I really enjoyed Sun and Moon. I must have, since I devoured it in just a day 🙂 I found it to be a unique and wonderful concept, and thought Desiree’s smooth writing definitely did the idea justice. She created an interesting world, peopled with multi-faceted, relatable characters, and tied it all together with heartstrings.

It made my heart flutter, made me laugh, made me tear up, all of it! Can’t wait to read another book by Desiree Williams 🙂

The Space Between Words by Michèle Phoenix

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From the publisher:

“There were seconds, when I woke, when the world felt unshrouded. Then memory returned.”

When Jessica regains consciousness in a French hospital on the day after the Paris attacks, all she can think of is fleeing the site of the horror she survived. But Patrick, the steadfast friend who hasn’t left her side, urges her to reconsider her decision. Worn down by his insistence, she reluctantly agrees to follow through with the trip they’d planned before the tragedy.

“The pages found you,” Patrick whispered.

“Now you need to figure out what they’re trying to say.”

During a stop at a country flea market, Jessica finds a faded document concealed in an antique. As new friends help her to translate the archaic French, they uncover the story of Adeline Baillard, a young woman who lived centuries before—her faith condemned, her life endangered, her community decimated by the Huguenot persecution.

“I write for our descendants, for those who will not understand the cost of our survival.”

Determined to learn the Baillard family’s fate, Jessica retraces their flight from France to England, spurred on by a need she doesn’t understand.

Could this stranger who lived three hundred years before hold the key to Jessica’s survival?


My Review:

The description of this book snagged my attention, and I couldn’t resist reading it. Now, I’m grateful to have read it, for it has given me a new perspective: a deeper understanding of the effects of terrorism, both in our world today and in our history.

How do I put the beauty of this novel into words? Phoenix has crafted a novel with genuine characters, flawed and loveable and completely real; with drama that is timely and relevant, yet still hauntingly beautiful; with history and heartache and healing and hope.

This is a book that uses the power of fiction to present truths that will affect you profoundly. Read it with an open heart and a box of tissues.

Many, many thanks to Thomas Nelson and NetGalley for the advanced copy of this novel for review purposes. I was not required to give a positive review. All opinions are my very own. 🙂

The Girl Who Could See by Kara Swanson

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From the back matter:

All her life Fern has been told she is blind to reality—

          but, what if she is the only one who can truly see?

Fern Johnson is crazy. At least, that’s what the doctors have claimed since her childhood. Now nineteen, and one step away from a psych ward, Fern struggles to survive in bustling Los Angeles. Desperate to appear normal, she represses the young man flickering at the edge of her awareness—a blond warrior only she can see.

Tristan was Fern’s childhood imaginary hero, saving her from monsters under her bed and outside her walls. As she grew up and his secret world continued to bleed into hers, however, it only caused catastrophe. But, when the city is rocked by the unexplainable, Fern is forced to consider the possibility that this young man is not a hallucination after all—and that the creature who decimated his world may be coming for hers.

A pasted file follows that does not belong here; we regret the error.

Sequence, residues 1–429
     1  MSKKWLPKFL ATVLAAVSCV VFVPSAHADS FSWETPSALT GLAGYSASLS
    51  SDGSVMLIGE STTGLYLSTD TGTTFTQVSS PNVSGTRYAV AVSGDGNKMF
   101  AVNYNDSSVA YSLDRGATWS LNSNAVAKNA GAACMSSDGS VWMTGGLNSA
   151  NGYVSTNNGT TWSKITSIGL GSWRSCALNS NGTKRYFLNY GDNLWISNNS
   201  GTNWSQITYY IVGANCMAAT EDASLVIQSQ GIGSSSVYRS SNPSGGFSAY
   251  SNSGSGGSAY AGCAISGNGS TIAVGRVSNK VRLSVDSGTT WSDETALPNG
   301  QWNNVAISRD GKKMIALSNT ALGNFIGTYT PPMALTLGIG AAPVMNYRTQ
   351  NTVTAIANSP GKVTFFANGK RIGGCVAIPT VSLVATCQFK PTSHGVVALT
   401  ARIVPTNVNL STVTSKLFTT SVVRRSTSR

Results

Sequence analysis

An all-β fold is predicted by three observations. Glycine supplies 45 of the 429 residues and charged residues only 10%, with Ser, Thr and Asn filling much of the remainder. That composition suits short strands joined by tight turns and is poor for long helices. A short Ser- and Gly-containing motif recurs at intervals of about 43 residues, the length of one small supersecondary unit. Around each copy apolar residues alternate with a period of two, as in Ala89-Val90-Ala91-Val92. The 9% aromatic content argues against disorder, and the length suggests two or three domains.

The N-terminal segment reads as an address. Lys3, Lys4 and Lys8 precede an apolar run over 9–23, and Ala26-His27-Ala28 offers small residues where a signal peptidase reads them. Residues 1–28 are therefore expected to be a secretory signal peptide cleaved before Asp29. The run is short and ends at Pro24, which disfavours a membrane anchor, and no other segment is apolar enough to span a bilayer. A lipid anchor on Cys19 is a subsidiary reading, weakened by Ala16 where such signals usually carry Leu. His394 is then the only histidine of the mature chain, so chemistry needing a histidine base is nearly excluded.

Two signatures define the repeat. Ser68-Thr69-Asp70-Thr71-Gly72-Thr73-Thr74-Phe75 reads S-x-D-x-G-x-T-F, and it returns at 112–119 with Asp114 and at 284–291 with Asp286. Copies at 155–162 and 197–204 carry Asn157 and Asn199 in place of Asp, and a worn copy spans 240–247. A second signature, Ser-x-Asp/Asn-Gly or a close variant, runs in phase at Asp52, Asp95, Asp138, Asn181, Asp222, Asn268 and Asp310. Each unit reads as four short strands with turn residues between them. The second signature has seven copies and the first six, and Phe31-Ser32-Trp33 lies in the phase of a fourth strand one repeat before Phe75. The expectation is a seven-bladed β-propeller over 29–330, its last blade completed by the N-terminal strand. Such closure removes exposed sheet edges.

My Review:

Don’t tell me that people don’t judge a book by its cover–I did, and that is exactly why I had to grab this book in the Realm Makers bookstore this year. I mean, wouldn’t you be intrigued enough by that cover to pick up this book? And the cover isn’t even the best part!

The story is unputdownable—I know that’s not a word, but it is the best way to describe The Girl Who Could See. Once you dive into Fern’s story, you can’t help but want to know more about this “crazy” girl and her crazier world. This may be a novella, but by the time you’re done reading, you feel like you’ve been through a terrifically epic adventure with some extraordinary characters.

Kara Swanson is a writer to keep your eyes on. Do yourself a favor and grab your own beautiful copy of The Girl Who Could See and “see” for yourself. 🙂

The Assault by Myers, Peretti, Hunt, & Gansky

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From the publisher: “The Next Wave of Stories in the Harbingers Series Arrives

Cycle 2 of the Harbingers series continues the story of four gifted strangers brought together to fight a growing darkness.

In Bill Myers’s “The Revealing,” the team finds themselves in Rome trying to retrieve the mystical spear Hitler once owned–the very spear that pierced Christ’s side. This task will take them from hidden chambers inside the Vatican to a mysterious seaside cave with powers they could never expect.

Frank Peretti’s “Infestation” unleashes a microscopic evil on the world that deceives, blinds, kills, then spreads. The Harbingers team must confront a monster bent on seducing and destroying mankind.

In “Infiltration” by Angela Hunt, the team is wounded and barely holding together. Forced to split up, they realize their investigations have led them into dangerous waters.

Alton Gansky’s “The Fog” unleashes a supernatural mist unlike any other. There are vicious things in the fog that kill whatever they find. One team member realizes that the ultimate sacrifice may have to be made.”


My Review: